Michigan Senate Votes Down Breed-Specific Dog Regulations

Michigan Senate Votes Down Breed-Specific Dog Regulations

by / Monday, 30 April 2018 / Published in Dog Bites, Legal News, Michigan Law
Black and brown dog with mouth open aggressively

In a recent 22-13 vote, the Michigan Senate has approved a bill banning breed-specific dog regulations. This bill, Senate Bill 741, states that local governments are not allowed to enact or enforce ordinances, policies, resolutions, or rules that regulate dogs based on its breed or perceived breed. However, this bill still allows local governments which apply to all dogs and dog owners in general, such as leash laws. The bill is now headed to the Michigan House to be voted on there.

Many Michigan cities have breed-specific dog regulations in one form or another. These sorts of rules most commonly apply to pit bulls, but they can also be apply to other breeds that are often seen as aggressive or dangerous, like Rottweilers, German shepherds, and akitas. Specific laws can be very different from city to city. While many cities have an outright ban on pit bulls, others simply consider them dangerous or place restrictions on owning them. Hazel Park, for example, requires pit bull owners to have secure fencing for their yards and provide proof of homeowners/renters insurance as well as proof of a behavior assessment. If you have any questions about dog bite laws and regulations where you live, contact your city hall or a dog bite lawyer.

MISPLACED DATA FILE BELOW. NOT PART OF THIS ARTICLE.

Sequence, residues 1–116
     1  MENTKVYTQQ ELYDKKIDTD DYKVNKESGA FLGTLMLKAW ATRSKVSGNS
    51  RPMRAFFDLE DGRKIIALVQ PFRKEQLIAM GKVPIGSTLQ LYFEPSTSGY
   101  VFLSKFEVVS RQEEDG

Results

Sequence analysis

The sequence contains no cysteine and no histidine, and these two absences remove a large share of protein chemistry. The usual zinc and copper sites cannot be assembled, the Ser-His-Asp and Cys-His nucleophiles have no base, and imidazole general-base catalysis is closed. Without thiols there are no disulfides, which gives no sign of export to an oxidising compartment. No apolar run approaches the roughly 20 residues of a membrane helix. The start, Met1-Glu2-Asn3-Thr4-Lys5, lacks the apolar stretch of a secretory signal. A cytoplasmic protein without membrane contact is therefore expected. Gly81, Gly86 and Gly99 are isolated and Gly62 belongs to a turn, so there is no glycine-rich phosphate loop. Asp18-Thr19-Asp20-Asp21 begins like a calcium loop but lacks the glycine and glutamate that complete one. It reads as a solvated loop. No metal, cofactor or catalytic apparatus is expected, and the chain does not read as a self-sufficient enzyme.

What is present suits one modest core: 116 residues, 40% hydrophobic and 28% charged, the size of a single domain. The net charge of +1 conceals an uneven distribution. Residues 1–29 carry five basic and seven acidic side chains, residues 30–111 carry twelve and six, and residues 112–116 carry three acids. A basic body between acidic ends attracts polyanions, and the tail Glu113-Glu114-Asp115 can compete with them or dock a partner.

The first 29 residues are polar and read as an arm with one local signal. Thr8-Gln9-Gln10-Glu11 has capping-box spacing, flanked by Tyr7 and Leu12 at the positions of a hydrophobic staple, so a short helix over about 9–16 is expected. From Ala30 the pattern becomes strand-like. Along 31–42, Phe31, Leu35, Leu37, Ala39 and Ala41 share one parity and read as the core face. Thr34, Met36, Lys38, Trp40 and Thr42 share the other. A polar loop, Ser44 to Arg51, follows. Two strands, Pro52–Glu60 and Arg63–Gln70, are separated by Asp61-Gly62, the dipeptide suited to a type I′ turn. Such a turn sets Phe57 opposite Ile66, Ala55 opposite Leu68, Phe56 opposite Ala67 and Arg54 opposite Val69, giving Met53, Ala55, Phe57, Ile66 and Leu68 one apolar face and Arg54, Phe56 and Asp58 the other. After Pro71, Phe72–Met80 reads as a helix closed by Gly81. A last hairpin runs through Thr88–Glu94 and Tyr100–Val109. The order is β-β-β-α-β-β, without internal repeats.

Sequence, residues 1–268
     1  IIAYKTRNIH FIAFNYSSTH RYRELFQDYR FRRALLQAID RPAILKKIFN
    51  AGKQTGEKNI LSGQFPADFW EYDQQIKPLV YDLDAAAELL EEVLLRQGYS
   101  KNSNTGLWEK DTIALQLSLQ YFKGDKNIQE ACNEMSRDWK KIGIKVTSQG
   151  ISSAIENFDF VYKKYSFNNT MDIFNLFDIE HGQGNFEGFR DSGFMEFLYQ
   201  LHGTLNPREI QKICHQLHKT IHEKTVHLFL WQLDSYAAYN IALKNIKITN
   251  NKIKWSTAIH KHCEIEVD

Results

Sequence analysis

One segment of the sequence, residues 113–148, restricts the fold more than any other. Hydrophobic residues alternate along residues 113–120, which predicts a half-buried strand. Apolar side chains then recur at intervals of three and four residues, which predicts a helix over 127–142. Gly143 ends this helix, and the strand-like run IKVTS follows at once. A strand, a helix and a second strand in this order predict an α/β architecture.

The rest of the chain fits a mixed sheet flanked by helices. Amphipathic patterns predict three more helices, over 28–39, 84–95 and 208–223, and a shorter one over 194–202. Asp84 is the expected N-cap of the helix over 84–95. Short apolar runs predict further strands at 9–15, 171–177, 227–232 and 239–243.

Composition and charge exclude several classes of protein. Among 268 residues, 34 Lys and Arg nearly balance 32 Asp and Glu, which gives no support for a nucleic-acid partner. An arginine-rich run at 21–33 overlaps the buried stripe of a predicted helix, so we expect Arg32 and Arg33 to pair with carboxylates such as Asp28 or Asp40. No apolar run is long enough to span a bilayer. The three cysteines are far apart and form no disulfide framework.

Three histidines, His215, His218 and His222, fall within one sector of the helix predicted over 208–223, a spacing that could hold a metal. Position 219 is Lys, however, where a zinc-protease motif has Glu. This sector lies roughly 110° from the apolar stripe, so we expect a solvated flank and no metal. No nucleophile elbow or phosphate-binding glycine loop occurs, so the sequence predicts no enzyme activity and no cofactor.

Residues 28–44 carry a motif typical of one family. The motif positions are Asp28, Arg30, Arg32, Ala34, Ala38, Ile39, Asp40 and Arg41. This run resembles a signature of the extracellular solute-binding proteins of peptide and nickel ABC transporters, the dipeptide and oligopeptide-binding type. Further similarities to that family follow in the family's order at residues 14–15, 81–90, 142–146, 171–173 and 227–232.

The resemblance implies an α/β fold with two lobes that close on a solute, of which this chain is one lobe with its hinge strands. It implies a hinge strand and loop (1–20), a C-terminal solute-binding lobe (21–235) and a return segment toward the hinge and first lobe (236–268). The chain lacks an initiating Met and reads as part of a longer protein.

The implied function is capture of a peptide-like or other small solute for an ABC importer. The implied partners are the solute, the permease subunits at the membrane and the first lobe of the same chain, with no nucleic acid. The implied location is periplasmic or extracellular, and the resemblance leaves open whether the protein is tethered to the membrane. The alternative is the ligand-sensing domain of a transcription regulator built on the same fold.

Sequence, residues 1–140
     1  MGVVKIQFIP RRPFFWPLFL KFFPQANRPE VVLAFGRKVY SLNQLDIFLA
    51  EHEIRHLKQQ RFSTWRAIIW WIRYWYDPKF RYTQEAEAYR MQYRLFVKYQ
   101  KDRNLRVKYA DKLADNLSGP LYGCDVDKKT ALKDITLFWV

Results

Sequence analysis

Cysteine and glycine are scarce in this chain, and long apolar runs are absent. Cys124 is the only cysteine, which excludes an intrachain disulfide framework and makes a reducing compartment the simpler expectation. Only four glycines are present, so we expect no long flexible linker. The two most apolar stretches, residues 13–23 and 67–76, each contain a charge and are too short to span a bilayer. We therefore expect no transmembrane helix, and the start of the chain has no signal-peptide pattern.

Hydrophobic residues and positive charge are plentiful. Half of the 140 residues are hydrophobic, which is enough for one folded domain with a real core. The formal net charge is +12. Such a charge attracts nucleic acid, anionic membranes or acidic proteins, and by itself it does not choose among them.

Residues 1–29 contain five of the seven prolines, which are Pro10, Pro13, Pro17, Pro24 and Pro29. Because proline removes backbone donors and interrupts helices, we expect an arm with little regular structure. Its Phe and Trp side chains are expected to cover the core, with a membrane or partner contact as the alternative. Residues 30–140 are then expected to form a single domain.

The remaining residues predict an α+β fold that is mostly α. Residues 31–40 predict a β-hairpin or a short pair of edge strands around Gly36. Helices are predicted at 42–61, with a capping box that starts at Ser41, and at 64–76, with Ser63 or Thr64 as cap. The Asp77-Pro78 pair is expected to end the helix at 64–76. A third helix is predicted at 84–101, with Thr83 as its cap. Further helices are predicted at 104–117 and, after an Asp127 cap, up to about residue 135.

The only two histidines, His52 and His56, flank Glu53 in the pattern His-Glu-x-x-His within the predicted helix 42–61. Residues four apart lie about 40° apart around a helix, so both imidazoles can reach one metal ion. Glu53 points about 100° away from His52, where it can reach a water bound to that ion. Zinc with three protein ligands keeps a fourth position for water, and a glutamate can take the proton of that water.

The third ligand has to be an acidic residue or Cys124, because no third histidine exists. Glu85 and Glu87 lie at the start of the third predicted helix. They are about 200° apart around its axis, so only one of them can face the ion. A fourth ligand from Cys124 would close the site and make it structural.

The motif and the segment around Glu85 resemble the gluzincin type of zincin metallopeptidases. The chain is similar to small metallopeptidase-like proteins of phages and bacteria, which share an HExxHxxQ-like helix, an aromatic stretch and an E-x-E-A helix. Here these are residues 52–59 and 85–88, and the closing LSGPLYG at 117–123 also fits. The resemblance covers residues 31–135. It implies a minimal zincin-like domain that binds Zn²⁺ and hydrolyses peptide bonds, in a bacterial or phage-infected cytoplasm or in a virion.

This bill passed the Michigan senate even in light of several other serious dog attacks around Michigan. In December 2017, a Kalamazoo toddler was attacked by a pit bull and a Flint woman was left with severe facial injuries when she was attacked by two pit bulls in September 2017.

If this bill is passed and signed into law, Michigan will become one of at least 20 other states that ban these sorts of breed-specific dog laws. Supporters of the bill feel like breed-specific laws are ultimately ineffective at preventing dog bites. Dr. Emily Patterson-Kane of the American Veterinary Medical Association (AVMA) told the Detroit Free Press that a dog’s breed is not the strongest predictor of whether or not a dog is going to be dangerous. The AVMA, along with many other animal welfare organizations like the Michigan Humane Society, point out that any breed of dog can potentially bite or be aggressive and support generic, non-breed-specific dangerous dog laws which focus on irresponsible owners.

Breed-specific dog laws can also be difficult to enforce. Alma, Michigan has restrictions on pit bulls and in a 2010 article for MLive, Phillip Moore, City Manager of Alma, stated while he believes the law deters people from bringing dangerous dogs into the city, he acknowledged that enforcing the rule isn’t easy. In many cases, police officers aren’t aware of where pit bulls are and only become aware of them after there has been an incident involving one. The AMVA also points out that determining a dog’s primary breed just by looking at it can be extremely difficult, even for people who have a lot of experience working with dogs.

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